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Hinrichs, Rick
02-12-1993, 10:36 AM
Dear Biomch-l subscribers:

A couple of months ago I posted a request for info on 3-D electrogoniometers.
I received several messages immediately and several more have been trickling
in since that time. I summarize them below. Sorry for the delay in posting
this summary to the list.

--Rick

Richard N. Hinrichs, Ph.D.
Dept. of Exercise Science
Arizona State University
Tempe, AZ 85287-0404 USA
(602) 965-1624
(602) 965-8108 (FAX)

email: Hinrichs@ESPE1.LA.ASU.EDU

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---------------My original posting------------------

Dear Biomch-l subscribers:

Can anyone give me some information on commercially available triaxial
electrogoniometers (elgons)? I would like to see what is available from a
variety of vendors and the approximate cost of each. Are there any devices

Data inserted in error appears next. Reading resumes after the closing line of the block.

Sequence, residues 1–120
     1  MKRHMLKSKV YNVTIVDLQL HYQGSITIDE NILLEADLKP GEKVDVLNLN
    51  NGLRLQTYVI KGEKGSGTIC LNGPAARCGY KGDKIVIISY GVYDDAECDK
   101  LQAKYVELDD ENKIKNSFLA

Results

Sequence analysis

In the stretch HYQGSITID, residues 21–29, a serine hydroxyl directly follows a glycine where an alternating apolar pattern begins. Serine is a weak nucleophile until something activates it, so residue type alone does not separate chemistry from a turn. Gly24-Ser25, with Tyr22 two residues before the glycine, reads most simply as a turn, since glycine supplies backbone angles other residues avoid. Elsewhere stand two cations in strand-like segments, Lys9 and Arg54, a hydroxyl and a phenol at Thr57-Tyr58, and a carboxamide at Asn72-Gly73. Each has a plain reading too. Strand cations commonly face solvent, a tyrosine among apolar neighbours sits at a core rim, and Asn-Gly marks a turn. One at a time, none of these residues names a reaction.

that can measure translations as well as rotations (six degrees of
freedom)? Are there others that measure just the rotations? I would
appreciate hearing from anyone who has used these devices as to how well they
work to measure human joint motion. I am particularly interested in
quantifying head/neck motion and shoulder motion in a clinical setting.
Thanks in advance.

--Rick

Richard N. Hinrichs, Ph.D.
Dept. of Exercise Science
Arizona State University

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From: "D. M. Pickles"

I have experience of a biaxial goniometermanufactured by Penny
and Giles Biometrics (Tel +44 495 228000; Fax +44 495 229389).
I think they may do a triaxial one as well but am not sure. Give
me a shout if you want any further information.

--Regards

David Pickles
Comparative Orthopaedic Research Unit
Department of Anatomy
University of Bristol
Park Row
Bristol
BS1 5LS
United Kingdom

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From: Chris.Grant@um.cc.umich.edu

At the Center for Ergonomics at the University of Michigan we
have been working with triaxial goniometers; I believe they
are the Penny & Giles ones. We found significant crosstalk
between the channels when using them on the forearm and back
of the hand. The crosstalk happened when, of course, the
forearm went from supination to pronation and back.